Some of his work was based on Persian and Babylonian astronomy, Indian numbers, Greek mathematics. Al-Khwārizmī corrected Ptolemy's data for Africa and the Middle East. Another major book was Kitab surat al-ard, presenting the coordinates of places based on those in the Geography of Ptolemy but with improved values for the Mediterranean Sea and Africa, he wrote on mechanical devices like the astrolabe and sundial. He assisted a project to determine the circumference of the Earth and in making a world map for al-Ma'mun, the caliph, overseeing 70 geographers. When, in the 12th century, his works spread to Europe through Latin translations, it had a profound impact on the advance of mathematics in
Mashallah ibn Athari
Mā Shā’ Allāh ibn Athari was an eighth-century Persian Jewish astrologer and mathematician. From Khorasan he lived in Basra during the reigns of al-Manṣūr and al-Ma’mūn, was among those who introduced astrology and astronomy to Baghdād in the late 8th and early 9th century; the bibliographer al-Nadim in his Fihrist, described him "as virtuous and in his time a leader in the science of jurisprudence, i.e. the science of judgments of the stars". He served as a court astrologer for the Abbasid caliphate, wrote numerous works on astrology in Arabic; some Latin translations survive. The Arabic phrase ma sha`a allah indicates a believer's acceptance of God's ordainment of good or ill fortune; the name Sha'a Allah is an Arabic rendering of Hebrew Sh'luh, which in is the name of the Messiah referenced in Genesis 49:10. Al-Nadim writes Mashallah's name'Mīshā', means "yithro", the Hebrew name Jethro, from yithrā. Latin translators called him many variants such as Messahala, Messala, Macelarma, etc; the crater Messala on the Moon is named after him.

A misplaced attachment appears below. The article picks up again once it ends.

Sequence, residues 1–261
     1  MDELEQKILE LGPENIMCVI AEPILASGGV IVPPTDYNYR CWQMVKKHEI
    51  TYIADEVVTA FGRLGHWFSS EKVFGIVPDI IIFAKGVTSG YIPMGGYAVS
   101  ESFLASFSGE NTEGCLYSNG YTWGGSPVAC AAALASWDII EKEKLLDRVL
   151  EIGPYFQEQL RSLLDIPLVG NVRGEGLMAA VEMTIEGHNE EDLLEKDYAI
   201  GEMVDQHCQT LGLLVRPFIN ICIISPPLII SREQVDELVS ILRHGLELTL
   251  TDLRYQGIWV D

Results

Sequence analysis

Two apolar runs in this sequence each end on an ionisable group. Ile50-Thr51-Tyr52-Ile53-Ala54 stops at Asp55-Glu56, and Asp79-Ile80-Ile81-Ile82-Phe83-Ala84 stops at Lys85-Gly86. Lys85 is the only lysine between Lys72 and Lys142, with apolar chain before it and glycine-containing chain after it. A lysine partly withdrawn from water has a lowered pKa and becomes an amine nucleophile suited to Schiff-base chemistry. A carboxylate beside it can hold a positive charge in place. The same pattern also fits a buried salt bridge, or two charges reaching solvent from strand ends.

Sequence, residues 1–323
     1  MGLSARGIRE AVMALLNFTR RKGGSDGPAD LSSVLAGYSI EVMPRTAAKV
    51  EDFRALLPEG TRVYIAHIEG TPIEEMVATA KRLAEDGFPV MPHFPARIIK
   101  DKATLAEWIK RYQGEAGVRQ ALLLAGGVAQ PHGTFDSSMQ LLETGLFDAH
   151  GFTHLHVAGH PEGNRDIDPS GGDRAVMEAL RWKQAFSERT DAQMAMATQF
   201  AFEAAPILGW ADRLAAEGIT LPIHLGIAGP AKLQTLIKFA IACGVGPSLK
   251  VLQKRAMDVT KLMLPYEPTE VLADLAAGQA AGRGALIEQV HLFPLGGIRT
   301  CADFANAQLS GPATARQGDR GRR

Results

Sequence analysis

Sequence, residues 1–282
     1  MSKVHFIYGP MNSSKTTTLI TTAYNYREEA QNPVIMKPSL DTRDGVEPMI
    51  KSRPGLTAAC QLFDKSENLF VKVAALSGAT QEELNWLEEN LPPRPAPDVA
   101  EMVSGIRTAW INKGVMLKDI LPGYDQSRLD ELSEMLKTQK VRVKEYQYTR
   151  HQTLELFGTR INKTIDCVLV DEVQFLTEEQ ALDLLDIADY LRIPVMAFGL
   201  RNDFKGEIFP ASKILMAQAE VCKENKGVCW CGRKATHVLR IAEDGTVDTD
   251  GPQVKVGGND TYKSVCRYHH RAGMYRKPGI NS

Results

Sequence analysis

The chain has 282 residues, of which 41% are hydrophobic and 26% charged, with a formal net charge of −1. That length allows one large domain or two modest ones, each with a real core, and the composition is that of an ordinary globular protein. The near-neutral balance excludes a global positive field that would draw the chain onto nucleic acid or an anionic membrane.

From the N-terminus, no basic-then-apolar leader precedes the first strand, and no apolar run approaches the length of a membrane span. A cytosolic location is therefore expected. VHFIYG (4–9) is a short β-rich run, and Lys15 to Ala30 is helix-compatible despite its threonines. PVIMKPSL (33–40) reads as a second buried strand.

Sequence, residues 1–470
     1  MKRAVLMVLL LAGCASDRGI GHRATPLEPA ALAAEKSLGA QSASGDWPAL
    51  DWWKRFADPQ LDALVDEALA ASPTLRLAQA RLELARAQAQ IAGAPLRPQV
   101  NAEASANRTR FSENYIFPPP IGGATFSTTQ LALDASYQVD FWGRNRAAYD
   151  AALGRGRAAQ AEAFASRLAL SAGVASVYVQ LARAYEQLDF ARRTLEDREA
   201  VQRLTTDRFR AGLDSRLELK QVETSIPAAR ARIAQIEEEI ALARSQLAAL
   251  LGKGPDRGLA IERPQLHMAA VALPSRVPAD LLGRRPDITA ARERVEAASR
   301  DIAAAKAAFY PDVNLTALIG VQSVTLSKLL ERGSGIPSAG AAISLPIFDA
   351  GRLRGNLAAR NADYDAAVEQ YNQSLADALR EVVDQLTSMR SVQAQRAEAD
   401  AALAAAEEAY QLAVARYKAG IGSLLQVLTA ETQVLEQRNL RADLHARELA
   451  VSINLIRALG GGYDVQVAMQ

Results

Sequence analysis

As a young man he participated in the founding of Baghdad for Caliph al-Manṣūr in 762 by working with a group of astrologers led by Naubakht the Persian to pick an electional horoscope for the founding of the city and building of an observatory. Attributed the author of over twenty titles, predominantly on astrology, his authority was established over the centuries in the Middle East, in the West, when horoscopic astrology was transmitted to Europe from the 12th century, his writings include both what would be recognized as traditional horary astrology and an earlier type of astrology which casts consultation charts to divine the client's intention. The strong influence of Hermes Trismegistus and Dorotheus is evident in his work; the Big Book of Births. Multiple translations into medieval Latin, Byzantine Greek and Hebrew were made. One of his most popular works in the Middle Ages was a cosmological treatise This comprehensive account of the cosmos along Aristotelian lines, covers many topics important to early cosmology.
Postulating a ten-orb universe it strays from traditional cosmology. Mashallah illustrated his main ideas with comprehensible diagrams. Two versions of the manuscript were printed: a short version De scientia motus orbis, an expanded version De elementis et orbibus; the short version was translated by Gherardo Cremonese. Both were printed in 1504 and 1549, respectively; this work is abbreviated to De orbe. Mashallah's treatise on the astrolabe is the first known of its kind. Translated from Arabic into Latin; the exact source of Geoffrey Chaucer's Treatise on the Astrolabe in Middle English is undetermined but most of his ‘conclusions’ go back, directly or indirectly, to a Latin translation of Mashallah's work, called Compositio et Operatio Astrolabii. Chaucer's description of the instrument amplifies Mashallah’s, his indebtedness was recognised by John Selden in 1613 and established by Walter William Skeat. While Mark Harvey Liddell held that Chaucer drew on De Sphaera of John de Sacrobosco for the substantial part of his astronomical definitions and descriptions, the non-correspondence suggests his probable source was another compilation.
Skeat's Treatise of the Astrolabe includes a collotype MS facsimile of the Latin version of the second part of Mashallah’s work, which parallels Chaucer's. This is found in R. T. Gunther's, Chaucer and Messahala on Astrology. De elementis, its contents deal with the construction and usage of an astrolabe. In 1981, Paul Kunitzsch argued that the treatise on the astrolabe long attributed to Mashallah is in fact written by Ibn al-Saffar. On Conjunctions and People was an astrological world history based on conjunctions of Jupiter and Saturn. A few fragments are extant as quotations by the Christian astrologer Ibn Hibinta. Liber Messahallaede revoltione liber annorum mundi, a work on revolutions, De rebus eclipsium et de conjunctionibus planetarum in revolutionibus annorm mundi, a work on eclipses. Nativities under its Arabic title Kitab al -